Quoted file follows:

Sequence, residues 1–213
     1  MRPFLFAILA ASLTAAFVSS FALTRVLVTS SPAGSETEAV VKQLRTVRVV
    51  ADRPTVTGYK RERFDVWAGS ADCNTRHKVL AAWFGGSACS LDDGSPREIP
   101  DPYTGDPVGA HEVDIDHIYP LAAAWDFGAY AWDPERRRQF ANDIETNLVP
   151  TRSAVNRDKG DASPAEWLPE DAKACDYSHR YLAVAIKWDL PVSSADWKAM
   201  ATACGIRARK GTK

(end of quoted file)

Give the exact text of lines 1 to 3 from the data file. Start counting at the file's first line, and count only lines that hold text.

Sequence, residues 1–213
     1  MRPFLFAILA ASLTAAFVSS FALTRVLVTS SPAGSETEAV VKQLRTVRVV
    51  ADRPTVTGYK RERFDVWAGS ADCNTRHKVL AAWFGGSACS LDDGSPREIP